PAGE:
Heeding God’s Call
All of my rationalizing an intellectual adjustment had been destroyed, and I knew that only in God would I find peace. I was still rebellious about the state of the Church. I prayed about this for some months and eventually made an appointment to see a bishop in another diocese. He was himself a man of color and had suffered under apartheid; I knew him to be a man of prayer who took God seriously. I described to him what I’d experienced and the conflict and confusion I felt in my mind. Needless to say, he, being outside my situation, could see things more clearly than I, and, being a man of God, he could evaluate the Lord’s work in me, even though I could not identify it all. He worked through a number of issues with me. Through his wise advice, I was able to see that God had been calling me for years. The reason I hadn’t heard Him was that I had closed my ears to His voice, blaming Him for the defects I saw in members of His Church.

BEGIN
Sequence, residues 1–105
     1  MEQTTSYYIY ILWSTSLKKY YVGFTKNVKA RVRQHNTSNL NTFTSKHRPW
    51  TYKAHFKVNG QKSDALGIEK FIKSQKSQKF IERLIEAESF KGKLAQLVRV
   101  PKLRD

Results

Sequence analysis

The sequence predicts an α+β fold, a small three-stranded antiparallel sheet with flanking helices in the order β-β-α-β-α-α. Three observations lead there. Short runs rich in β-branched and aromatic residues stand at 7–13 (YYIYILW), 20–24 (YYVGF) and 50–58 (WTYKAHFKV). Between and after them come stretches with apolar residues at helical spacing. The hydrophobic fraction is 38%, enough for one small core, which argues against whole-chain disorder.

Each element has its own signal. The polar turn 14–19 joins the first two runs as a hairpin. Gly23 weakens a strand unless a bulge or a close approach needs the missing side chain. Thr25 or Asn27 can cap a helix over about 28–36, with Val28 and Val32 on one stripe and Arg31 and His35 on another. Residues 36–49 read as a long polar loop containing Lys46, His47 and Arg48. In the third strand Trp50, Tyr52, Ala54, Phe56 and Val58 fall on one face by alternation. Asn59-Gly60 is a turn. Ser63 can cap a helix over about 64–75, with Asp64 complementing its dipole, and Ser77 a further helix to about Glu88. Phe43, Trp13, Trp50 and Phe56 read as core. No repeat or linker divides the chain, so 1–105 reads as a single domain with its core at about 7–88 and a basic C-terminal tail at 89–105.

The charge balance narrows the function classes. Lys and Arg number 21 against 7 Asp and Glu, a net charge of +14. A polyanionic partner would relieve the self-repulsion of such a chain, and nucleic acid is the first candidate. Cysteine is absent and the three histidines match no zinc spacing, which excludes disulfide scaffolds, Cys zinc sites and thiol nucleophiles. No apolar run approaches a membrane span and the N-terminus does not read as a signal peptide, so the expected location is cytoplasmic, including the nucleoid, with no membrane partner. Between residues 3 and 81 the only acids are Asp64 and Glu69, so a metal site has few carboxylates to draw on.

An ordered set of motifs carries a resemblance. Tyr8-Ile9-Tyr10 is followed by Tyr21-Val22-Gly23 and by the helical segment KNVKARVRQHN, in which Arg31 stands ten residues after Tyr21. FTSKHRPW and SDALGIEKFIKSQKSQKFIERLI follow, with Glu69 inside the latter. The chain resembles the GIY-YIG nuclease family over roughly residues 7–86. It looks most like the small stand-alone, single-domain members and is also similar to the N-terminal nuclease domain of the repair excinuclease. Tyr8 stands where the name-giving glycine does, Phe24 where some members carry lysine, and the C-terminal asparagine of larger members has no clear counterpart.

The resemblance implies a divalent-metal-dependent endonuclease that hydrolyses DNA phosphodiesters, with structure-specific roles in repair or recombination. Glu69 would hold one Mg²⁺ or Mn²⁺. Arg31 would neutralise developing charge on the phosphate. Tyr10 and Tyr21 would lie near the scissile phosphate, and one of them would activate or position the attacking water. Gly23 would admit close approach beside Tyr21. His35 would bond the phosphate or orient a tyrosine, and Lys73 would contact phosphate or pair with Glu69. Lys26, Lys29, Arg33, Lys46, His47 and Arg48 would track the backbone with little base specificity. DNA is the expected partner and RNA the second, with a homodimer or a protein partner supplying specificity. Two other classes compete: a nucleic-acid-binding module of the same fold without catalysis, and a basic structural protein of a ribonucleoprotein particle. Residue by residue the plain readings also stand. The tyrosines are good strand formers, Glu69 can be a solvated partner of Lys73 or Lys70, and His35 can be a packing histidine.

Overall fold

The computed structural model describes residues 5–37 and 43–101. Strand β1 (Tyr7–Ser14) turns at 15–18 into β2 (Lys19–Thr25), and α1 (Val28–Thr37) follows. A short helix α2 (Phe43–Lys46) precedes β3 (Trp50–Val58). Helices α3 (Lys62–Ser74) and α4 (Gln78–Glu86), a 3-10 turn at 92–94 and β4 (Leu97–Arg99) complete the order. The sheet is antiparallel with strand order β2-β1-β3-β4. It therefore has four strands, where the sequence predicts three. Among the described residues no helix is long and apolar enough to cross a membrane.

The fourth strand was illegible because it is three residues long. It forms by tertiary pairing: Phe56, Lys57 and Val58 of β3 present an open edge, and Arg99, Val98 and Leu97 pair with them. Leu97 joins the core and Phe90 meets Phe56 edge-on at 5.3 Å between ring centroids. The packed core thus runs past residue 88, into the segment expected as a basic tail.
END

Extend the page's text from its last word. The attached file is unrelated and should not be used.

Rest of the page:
I felt as if a constricting, choking cloud had been lifted from me, and, for the first time in years, I could see clearly. Over the next few months, I wound up my personal affairs and in 1992 took up my studies for the priesthood once again. I was ordained on January 1995.
I’m often asked how I see my priesthood – and, indeed, the Christian life in general – in the light of my experiences. They are a very real foundation for my ministry. I still weep, freely and unashamedly, on and around June 16 every year, when I offer the sacrifice of the Mass for the twenty-seven friends I lost in South Africa’s long and tragic conflict and for all the others who died so savagely and so pointlessly.
Long Way to Go
I still have along way to go in growing into Christ. I can only praise and thank Him for leading me with such gentle, loving understanding, out of darkness into His wonderful light. I now understand that His Church, despite the defects of her members – including my own – is, indeed, holy, with a holiness only He can give His Bride. In serving her, I serve Him in failing her, I fail Him. May He grant that I never for-sake her again! Those Irish Dominican Sisters are probably in heaven with our Lord. I’ll bet they’re still praying for me and haven’t finished with me yet!